It’s been a few weeks since the Supreme Court issued its vote that made same-sex “marriage” legal in all fifty states. Since that decision, social media has been taken over by a rainbow filter, especially on Facebook as millions of people have adjusted their profile picture to be shown under an assembly of horizontally-striped colors in support of the Supreme Court’s decision.
I am personally troubled by how many of my Christian friends—especially my Christian friends who believe marriage was created by God to be between one man and one woman for life—have adopted this rainbow filter. I’ve seen several reasons tossed around: support for equal rights, support for equal recognition under the law, etc. But every rationalization ultimately can be grouped under the catch-all umbrella phrase: “Separation of Church and State.”
The reasoning, for these Christian friends of mine, is this: There is a separation between Church and State in this great country, so it’s totally acceptable to support same-sex couples being afforded the privilege of legally recognized marriages.
What troubles me about this is that it comes off as celebration. They don’t just appear to be “supporting” something political—they appear to be celebrating something culturally, well, destructive, and objectively sinful.
I would like to suggest this as food for thought: We pride ourselves, as Americans, for the separation of church and state. It is in place for good reason, and the protections it guarantees are important. However, there is another important separation I would like to remind us all of.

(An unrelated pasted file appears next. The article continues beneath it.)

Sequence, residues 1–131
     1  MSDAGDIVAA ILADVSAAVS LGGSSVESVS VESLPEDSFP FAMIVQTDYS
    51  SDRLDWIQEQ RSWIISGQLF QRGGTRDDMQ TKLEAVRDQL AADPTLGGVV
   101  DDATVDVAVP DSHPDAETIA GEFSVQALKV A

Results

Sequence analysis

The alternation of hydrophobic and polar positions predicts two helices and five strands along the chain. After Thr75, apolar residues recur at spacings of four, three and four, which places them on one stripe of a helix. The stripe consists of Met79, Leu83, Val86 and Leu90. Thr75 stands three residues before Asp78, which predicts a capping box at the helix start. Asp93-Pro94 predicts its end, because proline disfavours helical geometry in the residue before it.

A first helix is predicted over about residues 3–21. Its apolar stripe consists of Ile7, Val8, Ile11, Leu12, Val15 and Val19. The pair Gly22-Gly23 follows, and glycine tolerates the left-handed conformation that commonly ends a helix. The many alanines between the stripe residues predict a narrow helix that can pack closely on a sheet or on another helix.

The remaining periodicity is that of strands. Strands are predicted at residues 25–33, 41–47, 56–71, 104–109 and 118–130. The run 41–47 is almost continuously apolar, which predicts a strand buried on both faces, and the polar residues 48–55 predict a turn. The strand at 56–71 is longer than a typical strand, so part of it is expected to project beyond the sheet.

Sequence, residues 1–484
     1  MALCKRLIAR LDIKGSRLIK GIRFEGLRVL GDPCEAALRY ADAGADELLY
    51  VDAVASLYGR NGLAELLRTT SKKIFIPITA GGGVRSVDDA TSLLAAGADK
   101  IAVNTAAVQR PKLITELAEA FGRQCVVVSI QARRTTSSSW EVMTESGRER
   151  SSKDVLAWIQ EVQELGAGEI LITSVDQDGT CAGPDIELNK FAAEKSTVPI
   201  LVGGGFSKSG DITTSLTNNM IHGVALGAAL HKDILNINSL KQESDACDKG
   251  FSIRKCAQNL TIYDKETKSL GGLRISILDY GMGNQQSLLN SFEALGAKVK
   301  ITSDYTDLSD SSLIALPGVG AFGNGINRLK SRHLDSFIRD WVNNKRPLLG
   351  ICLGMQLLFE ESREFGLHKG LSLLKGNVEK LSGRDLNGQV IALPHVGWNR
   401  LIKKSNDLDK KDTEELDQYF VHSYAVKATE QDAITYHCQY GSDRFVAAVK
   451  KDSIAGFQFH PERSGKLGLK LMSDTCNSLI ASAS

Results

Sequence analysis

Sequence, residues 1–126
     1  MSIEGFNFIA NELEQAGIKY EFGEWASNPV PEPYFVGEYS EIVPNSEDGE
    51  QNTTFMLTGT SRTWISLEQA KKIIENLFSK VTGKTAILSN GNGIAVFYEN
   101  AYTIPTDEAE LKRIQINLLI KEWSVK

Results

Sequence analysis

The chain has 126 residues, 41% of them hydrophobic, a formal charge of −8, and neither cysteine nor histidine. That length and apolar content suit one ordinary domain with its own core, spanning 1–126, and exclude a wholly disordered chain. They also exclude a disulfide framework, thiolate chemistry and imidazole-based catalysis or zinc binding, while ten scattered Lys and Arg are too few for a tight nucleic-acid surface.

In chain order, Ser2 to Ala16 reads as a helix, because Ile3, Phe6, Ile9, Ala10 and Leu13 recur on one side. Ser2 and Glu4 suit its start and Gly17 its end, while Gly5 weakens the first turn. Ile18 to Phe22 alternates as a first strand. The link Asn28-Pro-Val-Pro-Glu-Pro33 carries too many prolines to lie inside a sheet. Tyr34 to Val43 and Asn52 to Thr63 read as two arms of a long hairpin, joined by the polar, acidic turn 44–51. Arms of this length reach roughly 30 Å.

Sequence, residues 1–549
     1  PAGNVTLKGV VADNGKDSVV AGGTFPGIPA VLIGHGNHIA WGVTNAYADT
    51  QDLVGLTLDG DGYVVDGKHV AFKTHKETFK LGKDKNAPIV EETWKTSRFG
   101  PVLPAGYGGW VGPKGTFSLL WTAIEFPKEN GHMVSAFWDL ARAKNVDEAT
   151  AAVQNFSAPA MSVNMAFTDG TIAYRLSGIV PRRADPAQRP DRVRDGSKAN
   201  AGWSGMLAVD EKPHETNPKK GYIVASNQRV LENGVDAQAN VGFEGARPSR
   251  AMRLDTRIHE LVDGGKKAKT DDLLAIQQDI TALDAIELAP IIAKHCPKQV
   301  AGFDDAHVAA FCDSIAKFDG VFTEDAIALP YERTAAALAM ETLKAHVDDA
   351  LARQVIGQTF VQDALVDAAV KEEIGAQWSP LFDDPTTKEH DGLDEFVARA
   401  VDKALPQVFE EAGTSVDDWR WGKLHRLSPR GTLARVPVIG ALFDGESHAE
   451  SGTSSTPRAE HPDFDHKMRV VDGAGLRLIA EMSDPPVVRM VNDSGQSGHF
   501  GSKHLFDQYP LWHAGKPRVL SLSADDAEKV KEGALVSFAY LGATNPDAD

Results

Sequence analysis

When Jesus was praying in the garden before his passion and death, he prayed that we might be “in the world, and not of it.” Jesus was a perfect example of this. He met people where they were, brought them a message of hope and peace, healed their diseases and forgave their sins. He supported all people in every sense of the word, and showed a profound respect for their dignity.
But one thing Jesus never, ever did . . . was celebrate sin.
As a same-sex attracted person (who is not ashamed of my attractions), I would like to offer a challenge to those Christians who think they are loving me by filtering their profile picture through a rainbow flag:
Love those who experience same-sex attraction. Not this hands-off, “you-do-you,” don’t-hurt-feelings inspired false love, but real love.
The love of Jesus wasn’t afraid to get dirty, to get bloody, to die to self. It wasn’t afraid to offend, though offense was never its goal. The love of Jesus is authentic, appreciating persons for who they are (and who we are is not defined by who we are attracted to), and supporting them in a journey of developing an ever-deeper relationship with God, others, and the self.
Jesus would not have had a rainbow-filtered profile picture. That kind of “love” is too cheap and easy for Him. He didn’t avoid hard questions or hard circumstances. He gave hope, joy, peace, healing, and ultimately His life, to show us our worth.
I beg of you, brothers and sisters, to be in the world and not of it. Love more authentically than through a rainbow filter. Let love really win. Bring the Gospel to a dying and hurting world rather than celebrating its spiral into sin. Forget the politics and buzzwords for a few moments, and consider the impact of celebrating persons made in the image of God, and refusing to ever celebrate their stepping aside from that image.
Please don’t celebrate sin. Celebrate love, namely, by showing it, really, for what it really is.
Emily is a 23-year-old Theology student who spends her free time reading, writing, hanging out with friends, and dyeing her hair ridiculous colors. When she isn’t doing homework, she’s assisting with the youth ministry program at her parish.